Meditation as a technique for calming the disturbances of the mind has been a part of human life since the time of the earliest civilizations. Many teachers, past and present, from a myriad of cultural and religious beliefs, from the Buddha (563-486 BCE ) to Dr. Jon Kabat-Zinn’s emerging Mindfulness Stress Reduction Program at the University of Massachusetts Medical School, have sought to control the “monkey mind” to gain insight and inner peace. As master teacher Joseph Goldstein has suggested “Mediation has to do with opening what is closed in us, balancing what is reactive, and exploring what is hidden.”
Most of us go about our daily lives with our mind chattering away. To exist without all that mental noise seems to suggest we have lost all control. Yet, we are only in control when we are aware of our thinking and able to stop thinking when we want to. It is this aspect of letting go that troubles most practitioners, posing a real challenge to our habitual behaviors, feelings and thoughts. Scientific findings like Kabat-Zinn’s prove how meditation can significantly change addictions, heal the body, decrease, sometimes alleviate, physical and mental pain, eliminate stress and anxiety, augment our concentration, improve our ability to handle deadlines, increase a sense of well-being, and bring about a profound acceptance of the challenges and hardships of everyday life.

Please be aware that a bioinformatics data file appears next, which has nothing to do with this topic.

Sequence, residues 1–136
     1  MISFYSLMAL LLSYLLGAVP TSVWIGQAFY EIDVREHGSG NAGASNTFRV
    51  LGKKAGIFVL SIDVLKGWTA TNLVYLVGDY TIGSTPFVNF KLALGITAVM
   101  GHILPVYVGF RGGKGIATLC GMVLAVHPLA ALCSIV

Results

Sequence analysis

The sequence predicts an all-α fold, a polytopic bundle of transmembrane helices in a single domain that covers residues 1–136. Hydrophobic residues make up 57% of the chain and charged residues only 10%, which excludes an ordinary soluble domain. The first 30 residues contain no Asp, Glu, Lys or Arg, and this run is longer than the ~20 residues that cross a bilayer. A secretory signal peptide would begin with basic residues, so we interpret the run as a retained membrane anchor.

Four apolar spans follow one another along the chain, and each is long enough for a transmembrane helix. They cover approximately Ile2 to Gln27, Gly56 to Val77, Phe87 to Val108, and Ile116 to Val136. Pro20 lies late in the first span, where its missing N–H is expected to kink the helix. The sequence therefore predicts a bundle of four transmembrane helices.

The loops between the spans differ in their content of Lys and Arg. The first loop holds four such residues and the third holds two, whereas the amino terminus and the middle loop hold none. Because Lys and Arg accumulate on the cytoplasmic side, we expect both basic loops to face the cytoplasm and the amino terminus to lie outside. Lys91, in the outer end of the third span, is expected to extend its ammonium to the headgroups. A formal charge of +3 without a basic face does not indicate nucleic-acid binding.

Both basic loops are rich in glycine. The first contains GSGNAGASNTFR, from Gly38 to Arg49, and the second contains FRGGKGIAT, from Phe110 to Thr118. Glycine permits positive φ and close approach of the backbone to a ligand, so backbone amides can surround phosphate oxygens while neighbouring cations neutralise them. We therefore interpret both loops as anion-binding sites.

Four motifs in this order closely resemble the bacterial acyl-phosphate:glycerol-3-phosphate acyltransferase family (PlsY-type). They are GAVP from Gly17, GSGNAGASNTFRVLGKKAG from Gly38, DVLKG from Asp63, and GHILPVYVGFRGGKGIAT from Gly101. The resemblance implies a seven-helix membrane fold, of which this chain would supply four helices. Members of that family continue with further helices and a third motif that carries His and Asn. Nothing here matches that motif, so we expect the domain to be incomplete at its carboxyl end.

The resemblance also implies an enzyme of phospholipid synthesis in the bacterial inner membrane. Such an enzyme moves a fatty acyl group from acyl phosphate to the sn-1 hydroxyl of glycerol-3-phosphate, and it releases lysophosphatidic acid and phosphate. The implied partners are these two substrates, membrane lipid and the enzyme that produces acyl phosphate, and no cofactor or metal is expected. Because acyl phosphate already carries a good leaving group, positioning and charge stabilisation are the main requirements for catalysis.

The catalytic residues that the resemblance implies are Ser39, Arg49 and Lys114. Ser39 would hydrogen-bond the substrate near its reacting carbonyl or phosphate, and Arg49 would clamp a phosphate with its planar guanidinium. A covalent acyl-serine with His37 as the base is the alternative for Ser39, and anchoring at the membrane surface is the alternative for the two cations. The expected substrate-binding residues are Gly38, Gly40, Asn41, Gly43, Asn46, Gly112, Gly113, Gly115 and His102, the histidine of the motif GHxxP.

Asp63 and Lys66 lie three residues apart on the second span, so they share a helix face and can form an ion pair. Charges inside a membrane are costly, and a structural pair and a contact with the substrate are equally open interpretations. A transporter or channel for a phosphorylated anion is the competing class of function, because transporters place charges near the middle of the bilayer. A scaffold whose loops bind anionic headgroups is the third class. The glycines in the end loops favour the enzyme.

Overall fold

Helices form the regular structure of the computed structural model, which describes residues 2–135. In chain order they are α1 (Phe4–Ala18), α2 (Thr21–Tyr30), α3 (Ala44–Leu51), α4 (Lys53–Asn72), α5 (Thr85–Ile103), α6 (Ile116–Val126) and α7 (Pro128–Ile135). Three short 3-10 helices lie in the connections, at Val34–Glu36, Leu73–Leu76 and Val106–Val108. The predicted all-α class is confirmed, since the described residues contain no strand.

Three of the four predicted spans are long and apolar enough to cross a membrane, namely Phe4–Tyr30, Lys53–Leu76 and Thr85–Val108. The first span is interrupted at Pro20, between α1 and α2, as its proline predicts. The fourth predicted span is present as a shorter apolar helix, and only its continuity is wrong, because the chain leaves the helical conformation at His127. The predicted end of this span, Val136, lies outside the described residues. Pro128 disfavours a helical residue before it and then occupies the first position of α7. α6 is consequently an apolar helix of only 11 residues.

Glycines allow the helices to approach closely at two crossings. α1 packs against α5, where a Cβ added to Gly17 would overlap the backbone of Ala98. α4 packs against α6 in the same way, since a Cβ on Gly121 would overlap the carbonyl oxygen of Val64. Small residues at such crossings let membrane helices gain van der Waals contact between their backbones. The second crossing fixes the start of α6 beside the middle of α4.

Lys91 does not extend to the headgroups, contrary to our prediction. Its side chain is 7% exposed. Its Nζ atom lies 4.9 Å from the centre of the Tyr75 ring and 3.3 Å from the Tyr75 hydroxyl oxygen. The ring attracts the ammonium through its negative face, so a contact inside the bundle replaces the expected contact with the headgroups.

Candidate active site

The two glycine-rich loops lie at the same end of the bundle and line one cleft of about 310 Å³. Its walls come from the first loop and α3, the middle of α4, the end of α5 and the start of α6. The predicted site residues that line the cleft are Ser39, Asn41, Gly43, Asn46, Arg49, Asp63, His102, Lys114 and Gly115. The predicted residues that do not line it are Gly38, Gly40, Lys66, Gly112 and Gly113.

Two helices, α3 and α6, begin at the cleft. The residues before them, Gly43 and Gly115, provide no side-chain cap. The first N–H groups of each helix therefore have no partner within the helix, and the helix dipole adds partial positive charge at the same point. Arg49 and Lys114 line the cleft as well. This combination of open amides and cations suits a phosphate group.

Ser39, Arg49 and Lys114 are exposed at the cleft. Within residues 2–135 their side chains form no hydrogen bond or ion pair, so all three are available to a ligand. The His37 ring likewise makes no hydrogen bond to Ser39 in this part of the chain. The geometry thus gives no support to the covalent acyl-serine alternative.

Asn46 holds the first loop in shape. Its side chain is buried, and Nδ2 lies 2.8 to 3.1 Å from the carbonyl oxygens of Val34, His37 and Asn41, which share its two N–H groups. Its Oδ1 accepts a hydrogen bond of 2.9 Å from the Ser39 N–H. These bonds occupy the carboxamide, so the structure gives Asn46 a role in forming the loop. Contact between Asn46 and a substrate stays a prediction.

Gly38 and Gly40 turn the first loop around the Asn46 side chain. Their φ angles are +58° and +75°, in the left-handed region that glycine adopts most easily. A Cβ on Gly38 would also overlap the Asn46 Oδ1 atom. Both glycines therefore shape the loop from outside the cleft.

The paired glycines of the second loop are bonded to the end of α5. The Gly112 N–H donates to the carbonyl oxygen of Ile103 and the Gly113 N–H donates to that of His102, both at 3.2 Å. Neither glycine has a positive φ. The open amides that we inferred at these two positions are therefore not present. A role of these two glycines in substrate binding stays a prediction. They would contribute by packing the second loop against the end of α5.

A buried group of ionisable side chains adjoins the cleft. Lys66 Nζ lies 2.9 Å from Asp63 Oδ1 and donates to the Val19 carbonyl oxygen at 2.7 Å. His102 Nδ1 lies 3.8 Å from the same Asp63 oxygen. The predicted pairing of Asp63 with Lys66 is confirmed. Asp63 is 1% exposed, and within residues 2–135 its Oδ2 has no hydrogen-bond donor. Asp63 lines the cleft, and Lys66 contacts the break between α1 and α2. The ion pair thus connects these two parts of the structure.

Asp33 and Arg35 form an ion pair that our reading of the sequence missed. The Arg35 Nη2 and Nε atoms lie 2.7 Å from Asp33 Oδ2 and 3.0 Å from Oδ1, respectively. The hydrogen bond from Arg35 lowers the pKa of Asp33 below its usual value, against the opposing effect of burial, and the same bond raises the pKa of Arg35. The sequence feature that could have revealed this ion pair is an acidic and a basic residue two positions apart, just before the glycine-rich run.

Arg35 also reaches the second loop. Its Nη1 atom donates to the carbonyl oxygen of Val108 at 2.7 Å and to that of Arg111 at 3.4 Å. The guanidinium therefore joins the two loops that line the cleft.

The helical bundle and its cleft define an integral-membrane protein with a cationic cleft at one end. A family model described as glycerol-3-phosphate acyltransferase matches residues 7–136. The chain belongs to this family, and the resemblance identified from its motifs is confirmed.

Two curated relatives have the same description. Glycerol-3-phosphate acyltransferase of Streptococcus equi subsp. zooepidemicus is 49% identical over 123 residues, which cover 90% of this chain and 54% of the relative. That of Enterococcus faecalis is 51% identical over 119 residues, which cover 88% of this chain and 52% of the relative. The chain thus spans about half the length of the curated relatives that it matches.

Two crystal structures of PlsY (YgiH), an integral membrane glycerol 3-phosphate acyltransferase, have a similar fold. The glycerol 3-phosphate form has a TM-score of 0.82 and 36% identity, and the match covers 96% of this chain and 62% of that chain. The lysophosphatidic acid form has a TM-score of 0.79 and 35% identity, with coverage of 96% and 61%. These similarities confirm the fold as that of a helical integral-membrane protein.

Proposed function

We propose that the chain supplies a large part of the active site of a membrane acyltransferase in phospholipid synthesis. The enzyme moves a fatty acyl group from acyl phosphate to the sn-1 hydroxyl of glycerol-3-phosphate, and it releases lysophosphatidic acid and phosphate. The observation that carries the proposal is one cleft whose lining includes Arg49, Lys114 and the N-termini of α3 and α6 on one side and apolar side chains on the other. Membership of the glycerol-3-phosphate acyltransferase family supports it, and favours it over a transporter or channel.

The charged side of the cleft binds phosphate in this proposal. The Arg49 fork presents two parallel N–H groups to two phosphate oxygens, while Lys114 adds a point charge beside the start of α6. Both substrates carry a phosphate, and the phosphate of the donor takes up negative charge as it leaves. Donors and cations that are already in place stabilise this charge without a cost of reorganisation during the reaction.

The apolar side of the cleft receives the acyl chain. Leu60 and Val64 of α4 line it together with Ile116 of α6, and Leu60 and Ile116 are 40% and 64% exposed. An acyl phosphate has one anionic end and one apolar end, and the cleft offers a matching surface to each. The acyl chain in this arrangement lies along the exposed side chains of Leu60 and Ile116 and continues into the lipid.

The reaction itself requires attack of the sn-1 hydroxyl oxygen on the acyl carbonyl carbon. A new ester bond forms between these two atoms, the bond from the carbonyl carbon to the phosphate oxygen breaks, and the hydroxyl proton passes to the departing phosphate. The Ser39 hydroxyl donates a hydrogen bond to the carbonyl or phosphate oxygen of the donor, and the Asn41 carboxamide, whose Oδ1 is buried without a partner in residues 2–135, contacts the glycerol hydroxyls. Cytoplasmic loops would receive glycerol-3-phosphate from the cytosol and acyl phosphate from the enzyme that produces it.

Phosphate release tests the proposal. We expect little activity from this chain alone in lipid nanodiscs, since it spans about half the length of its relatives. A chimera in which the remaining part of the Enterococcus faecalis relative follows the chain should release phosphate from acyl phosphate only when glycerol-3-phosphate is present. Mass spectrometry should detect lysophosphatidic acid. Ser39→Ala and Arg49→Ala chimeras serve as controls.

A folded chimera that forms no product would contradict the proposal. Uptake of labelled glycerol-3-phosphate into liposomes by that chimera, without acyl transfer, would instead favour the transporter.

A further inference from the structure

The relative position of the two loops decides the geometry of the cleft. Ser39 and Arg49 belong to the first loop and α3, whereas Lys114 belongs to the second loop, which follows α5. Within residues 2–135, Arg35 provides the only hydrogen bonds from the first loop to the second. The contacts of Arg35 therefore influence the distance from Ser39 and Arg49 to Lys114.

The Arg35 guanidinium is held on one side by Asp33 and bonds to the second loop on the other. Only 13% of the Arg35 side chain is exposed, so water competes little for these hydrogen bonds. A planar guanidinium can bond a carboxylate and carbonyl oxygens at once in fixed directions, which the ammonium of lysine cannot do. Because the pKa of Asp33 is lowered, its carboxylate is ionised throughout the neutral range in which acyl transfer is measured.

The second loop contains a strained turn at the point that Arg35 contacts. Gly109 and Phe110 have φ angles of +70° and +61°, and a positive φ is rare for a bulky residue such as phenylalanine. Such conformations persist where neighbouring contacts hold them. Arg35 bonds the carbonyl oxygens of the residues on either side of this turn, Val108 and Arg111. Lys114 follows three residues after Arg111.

Meditation brings remarkable changes in one’s daily life practices and deepens an awareness as to what one’s reality truly is. It is the constant escaping from reality and seeking of instant gratification, common to 21st century culture that masks our true feelings, debilitates us, and poisons our body, mind and spirit. The Dalai Lama stresses the importance of a basic mindfulness practice to change the human condition, teaching that one’s ability to literally “sit” with what is at hand, without any conceptual padding, allowed our neuroses to come to the surface and therefore be resolved. He states “meditation is the means for human beings to be free of suffering.”
Meditation asks us to mindfully observe the fluctuation’s of the mind and to learn how to lessen our anxieties with breath exercises and thoughtful observation. Through practicing the techniques of meditation the chaos of everyday life is lessened, the agitation of the mind is brought to stillness; Insight and understanding of one’s deeper feelings and responses is cultivated, ultimately bringing greater ability to focus, control, and change our experiences.
Make time for yourself to simply sit and reflect – what Pema Chodron calls “calm abiding” so that one’s innate wisdom can rise and guide you to greater contentment and inner peace.
Learn to cultivate this skillful awareness and receive the long term benefits of a meditation practice!
Meditation is open:
Monday - Friday, 8:15 - 8:45am